New state museum directors: will they be enough to trigger real change?

The directors of the new state museums have been appointed. Will they be enough to change the mindset about culture? A reflection on the matter

If one were to derive a message from the appointment of the twenty directors of the new state museums, whose names were published this morning on the MiBACT website, that message would speak of a radical break with the past-but up to a point.

That rupture is especially consummated at the moment when some distinguished candidates, with very high-level experience in the museums they had directed until a few weeks ago, have been preferred competitors who are indeed titled and qualified, but coming from totally different situations. I am thinking, for example, of the most striking case: that of Antonio Natali, the excellent director of the Uffizi, who was replaced by the German Eike Schmidt, or Giovanna Paolozzi Strozzi, who was competing for the Palazzo Ducale in Mantua, which recovered from the 2012 earthquake under her leadership, to whom the Austrian Peter Assmann was preferred, or Angelo Tartuferi, a profound connoisseur of the Galleria dell’Accademia in Florence in whose place the German manager Cecilie Hollberg was chosen. Continuity with the past, on the other hand, occurred in only one case, that of the Borghese Gallery, which saw the confirmation of Anna Coliva: the management of the Roman museum has often been criticized in recent times. We recall the controversy over the glamorous fest or those over certain exhibitions that are not exactly in line with the institution’s tradition: is the choice to open to private individuals and unconventional initiatives therefore the winning one? And in this sense, does Anna Coliva’s confirmation constitute a signal? Recall, in fact, that the posts were awarded not only on the basis of titles, but also, as can be easily read in the call for applications, on the basis of the candidate’s communication skills, ability in organizing fund raising and devising communication projects, experience in managing relations with other public and private institutions, and so on.

The Uffizi Gallery. Photo Credit

Returning to the break with the past, another novelty is the almost unprecedented presence of figures with more markedly managerial connotations: this is the case of the aforementioned Hollberg at the Accademia, but we could also mention James Bradburne, who has worked excellently at Palazzo Strozzi and will hopefully replicate the successful Florentine experience at the Pinacoteca di Brera, and again the Bolognese Mauro Felicori, a municipal manager in Bologna specializing in cultural economics who will go in charge of the Reggia di Caserta. Perhaps that museums will have to be run as if they were “cultural enterprises,” just to refer to the field in which the aforementioned Felicori is an expert? It would seem to address in this sense also the opening to several figures (among them many Italians) who come from experiences abroad, but as we wrote about a month ago, having accrued years of work, even significant, abroad, does not automatically make the candidate who comes from outside better than the one who knows perfectly the Italian reality. When not the territorial one: let’s remember that Italian museums, because of their history and ties to their territory, are very different from many foreign museums. Are many of the new directors familiar with the complexity of the institutions they will be heading, and will they have the experience to know how to manage it?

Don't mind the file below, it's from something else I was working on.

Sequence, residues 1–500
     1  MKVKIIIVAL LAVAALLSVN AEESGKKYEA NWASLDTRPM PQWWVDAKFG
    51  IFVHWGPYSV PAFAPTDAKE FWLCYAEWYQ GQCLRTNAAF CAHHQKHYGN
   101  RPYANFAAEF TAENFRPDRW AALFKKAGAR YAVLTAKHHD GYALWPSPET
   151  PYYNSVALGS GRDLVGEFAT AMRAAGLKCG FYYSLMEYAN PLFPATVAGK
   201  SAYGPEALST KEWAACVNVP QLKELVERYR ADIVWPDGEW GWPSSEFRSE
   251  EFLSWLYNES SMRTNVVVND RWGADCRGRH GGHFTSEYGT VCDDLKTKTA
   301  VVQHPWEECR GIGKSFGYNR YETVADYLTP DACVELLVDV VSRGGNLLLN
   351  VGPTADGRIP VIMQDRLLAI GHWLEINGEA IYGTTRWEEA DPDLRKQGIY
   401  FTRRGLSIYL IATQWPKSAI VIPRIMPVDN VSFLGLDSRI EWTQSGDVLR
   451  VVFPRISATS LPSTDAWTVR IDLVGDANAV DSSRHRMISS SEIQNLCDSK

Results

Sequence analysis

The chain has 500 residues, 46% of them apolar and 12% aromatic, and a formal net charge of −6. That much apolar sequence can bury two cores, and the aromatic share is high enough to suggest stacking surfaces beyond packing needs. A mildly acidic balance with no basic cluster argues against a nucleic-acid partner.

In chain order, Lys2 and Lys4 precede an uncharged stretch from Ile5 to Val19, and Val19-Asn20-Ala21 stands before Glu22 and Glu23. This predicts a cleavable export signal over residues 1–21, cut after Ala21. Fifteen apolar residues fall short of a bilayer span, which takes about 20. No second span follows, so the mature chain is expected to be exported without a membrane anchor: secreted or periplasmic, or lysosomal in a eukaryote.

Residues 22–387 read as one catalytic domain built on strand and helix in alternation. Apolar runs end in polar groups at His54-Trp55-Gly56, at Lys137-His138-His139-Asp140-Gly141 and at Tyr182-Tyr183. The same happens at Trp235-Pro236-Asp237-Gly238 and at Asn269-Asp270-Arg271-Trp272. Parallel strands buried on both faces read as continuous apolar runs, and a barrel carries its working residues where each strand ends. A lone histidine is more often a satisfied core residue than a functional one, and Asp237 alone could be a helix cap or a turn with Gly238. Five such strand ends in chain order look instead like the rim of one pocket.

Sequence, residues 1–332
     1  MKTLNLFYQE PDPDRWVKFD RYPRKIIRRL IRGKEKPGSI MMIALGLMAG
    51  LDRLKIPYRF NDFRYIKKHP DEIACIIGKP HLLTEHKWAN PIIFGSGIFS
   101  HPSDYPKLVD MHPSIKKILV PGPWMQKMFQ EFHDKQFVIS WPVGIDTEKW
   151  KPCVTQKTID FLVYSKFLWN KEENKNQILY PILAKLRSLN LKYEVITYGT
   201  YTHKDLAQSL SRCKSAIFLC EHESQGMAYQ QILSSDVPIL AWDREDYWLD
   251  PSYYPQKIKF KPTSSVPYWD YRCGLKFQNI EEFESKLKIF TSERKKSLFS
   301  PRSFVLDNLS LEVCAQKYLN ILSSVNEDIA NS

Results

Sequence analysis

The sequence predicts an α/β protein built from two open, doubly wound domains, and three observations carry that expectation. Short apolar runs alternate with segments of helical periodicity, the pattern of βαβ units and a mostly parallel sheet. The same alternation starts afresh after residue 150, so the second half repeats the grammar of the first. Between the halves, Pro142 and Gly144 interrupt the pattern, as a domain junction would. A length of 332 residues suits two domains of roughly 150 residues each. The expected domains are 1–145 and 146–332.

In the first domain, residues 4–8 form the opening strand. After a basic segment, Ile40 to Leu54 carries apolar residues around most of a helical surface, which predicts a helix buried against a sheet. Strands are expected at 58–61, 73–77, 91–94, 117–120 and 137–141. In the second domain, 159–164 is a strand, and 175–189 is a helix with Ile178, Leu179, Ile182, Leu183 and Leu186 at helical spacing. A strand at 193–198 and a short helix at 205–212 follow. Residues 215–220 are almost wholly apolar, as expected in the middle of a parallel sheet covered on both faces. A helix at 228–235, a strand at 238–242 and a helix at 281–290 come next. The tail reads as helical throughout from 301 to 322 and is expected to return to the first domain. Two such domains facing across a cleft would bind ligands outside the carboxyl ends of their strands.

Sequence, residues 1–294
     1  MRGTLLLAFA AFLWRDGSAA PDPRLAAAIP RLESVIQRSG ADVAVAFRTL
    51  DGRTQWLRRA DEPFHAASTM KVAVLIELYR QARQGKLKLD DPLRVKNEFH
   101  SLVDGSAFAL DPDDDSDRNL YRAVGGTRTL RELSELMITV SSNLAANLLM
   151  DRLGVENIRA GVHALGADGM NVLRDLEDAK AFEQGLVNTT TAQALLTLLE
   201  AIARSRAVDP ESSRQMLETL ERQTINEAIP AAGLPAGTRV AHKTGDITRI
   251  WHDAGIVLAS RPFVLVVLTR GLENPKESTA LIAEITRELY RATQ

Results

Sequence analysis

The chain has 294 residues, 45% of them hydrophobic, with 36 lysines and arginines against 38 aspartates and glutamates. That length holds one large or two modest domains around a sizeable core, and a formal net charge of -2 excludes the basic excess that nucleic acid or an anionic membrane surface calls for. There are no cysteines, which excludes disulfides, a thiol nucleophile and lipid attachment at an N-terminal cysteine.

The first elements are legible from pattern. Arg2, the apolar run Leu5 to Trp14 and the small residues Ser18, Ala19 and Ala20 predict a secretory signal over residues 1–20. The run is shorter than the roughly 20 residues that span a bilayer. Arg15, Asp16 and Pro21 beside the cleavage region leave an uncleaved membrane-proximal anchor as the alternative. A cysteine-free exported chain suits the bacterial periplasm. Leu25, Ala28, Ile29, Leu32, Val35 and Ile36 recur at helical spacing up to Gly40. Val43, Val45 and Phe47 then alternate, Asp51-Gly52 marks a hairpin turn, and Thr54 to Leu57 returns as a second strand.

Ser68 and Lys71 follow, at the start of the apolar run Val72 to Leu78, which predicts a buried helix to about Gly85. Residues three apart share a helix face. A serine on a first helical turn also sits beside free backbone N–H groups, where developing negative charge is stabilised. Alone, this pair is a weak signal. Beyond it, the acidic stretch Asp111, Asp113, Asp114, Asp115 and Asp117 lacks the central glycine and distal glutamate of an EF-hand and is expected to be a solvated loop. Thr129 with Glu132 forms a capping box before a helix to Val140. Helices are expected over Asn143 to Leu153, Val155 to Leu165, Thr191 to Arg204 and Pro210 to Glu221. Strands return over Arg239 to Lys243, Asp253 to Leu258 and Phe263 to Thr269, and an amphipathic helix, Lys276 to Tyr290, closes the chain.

For now, for sure, we only have the names of the directors (all of whom have a high scientific profile): the criteria on the basis of which they were chosen from the trios of candidates that emerged after the orals are beyond nebulous, and we await clarity. Indeed, it is crucial to understand why some contenders managed to prevail over others (in these hours, almost everyone is wondering, for example, why Antonio Natali was not reappointed, having worked at the Uffizi as best as he could throughout his tenure). The announcement said that they would be selected by the Minister of Cultural Heritage “on the basis of the analysis conducted by the commission and the final judgment”: perhaps it would be good if some indication of that judgment leaked out. And finally, there is another certain fact: so far little has changed in the logic that should direct cultural heritage. Politicians still do not seem to have grasped the fact that this is a strategic sector in which to invest in order to make the country grow in every sense, because a country that instead of investing in culture decides to cut its funds is a country without a future. Unfortunately, lately we have been thinking only according to the logic of economics: that is what culture does not need. And in such a situation, changing the names of directors may not be sufficient condition to trigger real change: a change of mentality is needed. Will, therefore, a new course be possible, perhaps initiated with the contribution of the new directors? If such a change fails to get off the ground, the directors, to whom we send our warmest wishes for good work, will risk finding themselves in serious difficulties: and at this point it would perhaps have been better to keep the directors of yesteryear, who knew well the situation in which culture in our country finds itself. But, as Antonio Natali himself elegantly pointed out in his first statements to the press, “a country that says it wants to change could not afford to say that the old director remained.”

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